From the Kenosha News on 7-3-05

     Is your anti-virus really protecting your computer?

     The first and most important step to protect your computer from viruses is to install a reputable anti-virus program. I use a commercial one – Symantec (Norton) Anti-Virus – but if you just can't afford it or don't want to, you can get AVG free on-line at free.grisoft.com/doc/2/lng/us/tpl/v5. But even if you have anti-virus installed, you may not be as well protected as you think. Understanding and checking the following items will help you know how protected you really are.

      First, understand that the purpose of anti-virus is not to PREVENT viruses, but to detect them and maybe clean them. Viruses take advantage of vulnerabilities in your operating system, in an application, or in your computing practices. Until you eliminate those vulnerabilities, you can get a virus even if you have anti-virus software.

      Most vulnerabilities can be eliminated by applying patches (updates) to your operating system. While I was previously wary of applying the patches recommended by Windows Update, lately I've found that delaying patches is a dangerous practice since many of them plug the security holes that viruses exploit. If you have Windows XP, you should have SP2 (service pack 2.) Better yet, go into Windows Update and set it to download and apply updates each day. It might seem aggressive and risky, but viruses are introduced so quickly these days, procrastinating is riskier yet. Think of patches like a vaccine for your computer; they can actually prevent some viruses before they happen.

      The viruses that can't be prevented by patches usually require you to do something unwise to infect your computer. This includes opening e-mail attachments or downloading infected files. Educating yourself on safe practices is an important way to protect your computer.

      Second, make sure that your anti-virus definitions are up-to-date. A few years ago, I would have recommended weekly updates. Now, I recommend they be done daily. Set your computer to download new definitions automatically every day, preferably at a time that your computer will be turned on.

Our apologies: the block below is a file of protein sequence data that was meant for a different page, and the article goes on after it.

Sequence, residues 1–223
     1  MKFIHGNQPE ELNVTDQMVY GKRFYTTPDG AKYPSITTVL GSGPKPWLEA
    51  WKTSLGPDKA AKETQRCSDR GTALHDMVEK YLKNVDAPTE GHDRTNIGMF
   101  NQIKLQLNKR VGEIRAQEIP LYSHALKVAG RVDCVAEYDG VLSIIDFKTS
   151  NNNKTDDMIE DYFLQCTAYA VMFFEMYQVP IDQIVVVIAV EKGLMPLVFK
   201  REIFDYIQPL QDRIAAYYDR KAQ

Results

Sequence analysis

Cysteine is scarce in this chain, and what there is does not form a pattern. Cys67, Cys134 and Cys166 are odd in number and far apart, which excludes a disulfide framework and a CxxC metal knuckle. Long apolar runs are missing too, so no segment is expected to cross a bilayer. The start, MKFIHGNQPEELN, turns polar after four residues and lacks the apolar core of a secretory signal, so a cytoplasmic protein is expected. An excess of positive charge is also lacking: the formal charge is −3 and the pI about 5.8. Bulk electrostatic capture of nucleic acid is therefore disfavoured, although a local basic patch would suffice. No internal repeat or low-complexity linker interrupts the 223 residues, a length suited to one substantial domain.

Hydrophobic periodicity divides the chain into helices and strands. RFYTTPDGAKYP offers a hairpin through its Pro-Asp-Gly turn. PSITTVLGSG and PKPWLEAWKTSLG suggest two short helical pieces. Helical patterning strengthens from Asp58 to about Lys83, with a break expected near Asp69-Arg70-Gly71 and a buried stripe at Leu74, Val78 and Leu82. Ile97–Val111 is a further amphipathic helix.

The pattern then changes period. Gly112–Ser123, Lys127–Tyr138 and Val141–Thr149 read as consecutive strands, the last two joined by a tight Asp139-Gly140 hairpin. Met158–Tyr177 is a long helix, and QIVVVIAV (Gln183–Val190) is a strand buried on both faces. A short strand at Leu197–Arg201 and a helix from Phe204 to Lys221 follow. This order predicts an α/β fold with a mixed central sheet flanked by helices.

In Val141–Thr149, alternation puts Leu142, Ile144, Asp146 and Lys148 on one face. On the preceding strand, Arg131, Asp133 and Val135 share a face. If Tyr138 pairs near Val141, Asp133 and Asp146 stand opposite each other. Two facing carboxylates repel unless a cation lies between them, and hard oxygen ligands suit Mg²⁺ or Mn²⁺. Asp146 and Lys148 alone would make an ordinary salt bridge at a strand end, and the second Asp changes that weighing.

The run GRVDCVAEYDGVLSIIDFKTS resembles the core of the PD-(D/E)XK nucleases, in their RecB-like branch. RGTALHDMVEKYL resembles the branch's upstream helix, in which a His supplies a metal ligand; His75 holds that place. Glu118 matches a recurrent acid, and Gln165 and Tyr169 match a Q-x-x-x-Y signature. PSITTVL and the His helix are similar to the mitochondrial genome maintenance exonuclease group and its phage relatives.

Also, make sure you have Real-time Protection turned on. It may be called something else in your software, but it's the feature that looks for viruses all the time, not just when you do a scan. This is important since many worm viruses can infect your computer while you're not running anything! With real-time protection turned on, you can do a complete scan less often. When your anti-virus notifies you of a virus, STOP! Don't do anything else until you or the software has cleaned that virus. Sometimes, your anti-virus will clean, quarantine, or delete the infected files, but sometimes you'll need to clean it yourself. My previous article on cleaning tough viruses can be found on my web site at www.sabbarpublications.com. Click on the News Archive button at the left.

      Third, understand that many computer problems these days are caused by spyware rather than viruses. Your anti-virus program will not prevent or even detect spyware. Refer to the article on pop-ups on my web site for more about spyware.

      Using the tools of anti-virus, patches, updates, and anti-spyware, you'll keep your computer better protected.

By Carol Sabbar from the Kenosha News on 7-3-05